Brain
Reactive Oxygen Species
Stem Cells
Stem cells
Neural Stem Cells
Population Dynamics
Bromodeoxyuridine
Traumatic Brain Injury
Neuroglia
Brain Injuries
Cell Proliferation
Pathology
Neurons
Wounds and Injuries
Enzymes
Population
Recovery

Keywords

  • NADPH oxidase
  • NOX inhibitor
  • NOX2
  • Neurogenesis
  • Traumatic brain injury

ASJC Scopus subject areas

  • Biochemistry
  • Physiology (medical)

Cite this

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title = "NADPH oxidase 2 deletion enhances neurogenesis following traumatic brain injury",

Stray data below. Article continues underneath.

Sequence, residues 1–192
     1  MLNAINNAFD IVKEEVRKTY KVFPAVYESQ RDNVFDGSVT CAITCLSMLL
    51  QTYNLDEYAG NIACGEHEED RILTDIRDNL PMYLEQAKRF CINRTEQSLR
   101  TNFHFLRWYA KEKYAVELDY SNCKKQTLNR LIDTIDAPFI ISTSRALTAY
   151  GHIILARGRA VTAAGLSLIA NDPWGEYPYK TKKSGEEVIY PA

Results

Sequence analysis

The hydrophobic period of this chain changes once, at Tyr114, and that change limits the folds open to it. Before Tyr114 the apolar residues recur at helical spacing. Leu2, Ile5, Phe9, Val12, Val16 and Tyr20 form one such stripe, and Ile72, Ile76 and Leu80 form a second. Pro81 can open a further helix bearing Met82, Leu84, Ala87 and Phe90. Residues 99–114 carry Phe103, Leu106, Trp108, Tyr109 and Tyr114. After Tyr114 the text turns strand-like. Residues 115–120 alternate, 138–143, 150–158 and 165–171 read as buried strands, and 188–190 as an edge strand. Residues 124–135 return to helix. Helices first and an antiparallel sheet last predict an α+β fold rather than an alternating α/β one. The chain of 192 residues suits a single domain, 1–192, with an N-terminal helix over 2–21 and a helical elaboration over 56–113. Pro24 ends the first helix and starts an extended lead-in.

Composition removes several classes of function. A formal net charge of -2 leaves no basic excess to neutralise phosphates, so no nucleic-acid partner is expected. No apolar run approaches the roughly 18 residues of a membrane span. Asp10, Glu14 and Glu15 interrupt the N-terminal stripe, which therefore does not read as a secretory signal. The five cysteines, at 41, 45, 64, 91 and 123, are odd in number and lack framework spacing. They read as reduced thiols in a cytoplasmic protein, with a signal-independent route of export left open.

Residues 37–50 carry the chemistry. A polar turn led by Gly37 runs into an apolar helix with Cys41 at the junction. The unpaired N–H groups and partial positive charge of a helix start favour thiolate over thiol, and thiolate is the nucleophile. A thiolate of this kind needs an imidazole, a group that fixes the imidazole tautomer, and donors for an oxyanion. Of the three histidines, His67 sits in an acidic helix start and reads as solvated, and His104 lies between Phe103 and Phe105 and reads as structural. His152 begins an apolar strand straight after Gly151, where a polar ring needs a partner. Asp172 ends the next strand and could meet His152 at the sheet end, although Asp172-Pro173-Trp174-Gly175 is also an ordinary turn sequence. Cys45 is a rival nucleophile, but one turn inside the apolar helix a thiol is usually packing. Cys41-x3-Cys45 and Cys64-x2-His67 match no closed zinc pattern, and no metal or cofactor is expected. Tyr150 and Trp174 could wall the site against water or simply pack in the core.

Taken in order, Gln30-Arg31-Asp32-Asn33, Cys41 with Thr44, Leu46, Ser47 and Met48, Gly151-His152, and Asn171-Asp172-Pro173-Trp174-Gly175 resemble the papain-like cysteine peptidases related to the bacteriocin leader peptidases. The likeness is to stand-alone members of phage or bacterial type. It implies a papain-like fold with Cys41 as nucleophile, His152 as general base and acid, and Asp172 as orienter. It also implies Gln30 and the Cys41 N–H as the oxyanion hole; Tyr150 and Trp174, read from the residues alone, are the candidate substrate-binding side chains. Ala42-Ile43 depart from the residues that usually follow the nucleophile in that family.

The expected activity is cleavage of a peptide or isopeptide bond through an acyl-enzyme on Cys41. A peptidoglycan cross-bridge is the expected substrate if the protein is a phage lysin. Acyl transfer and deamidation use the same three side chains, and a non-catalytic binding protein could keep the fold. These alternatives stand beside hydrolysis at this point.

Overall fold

abstract = "The NADPH oxidase (NOX) enzyme family is a major source of reactive oxygen species (ROS) and contributor to the secondary pathology underlying traumatic brain injury (TBI). However, little is known about how NOX-derived ROS influences the proliferation and cell-fate determination of neural stem/progenitor cells (NSCs/NPCs) following TBI. In the current study, we found that deletion of NOX2 (NOX2-KO) significantly decreases the population of radial glia-like NSCs and neuroblasts but maintains the population of non-radial Sox2 expressing stem cells under physiological (non-injury) conditions. Surprisingly, the brains of NOX2-KO mice demonstrated a robust increase in the number of neuroblasts during the first week after TBI, as compared to the wild-type group. This increase may result from an enhanced proliferation of NPCs in a lower ROS environment after brain injury, as further examination revealed a significant increase of dividing neuroblasts in both NOX2-KO and NOX inhibitor-treated mouse brain during the first week following TBI. Finally, 5-Bromo-2′-deoxyuridine (BrdU) lineage tracing demonstrated a significantly increased number of newborn neurons were present in the perilesional cortex of NOX2-KO mice at 5 weeks post TBI, indicating that deletion of NOX2 promotes long-term neurogenesis in the injured brain following TBI. Altogether, these findings suggest that targeting NOX through genetic deletion or inhibition enhances post-injury neurogenesis, which may be beneficial for recovery following TBI.",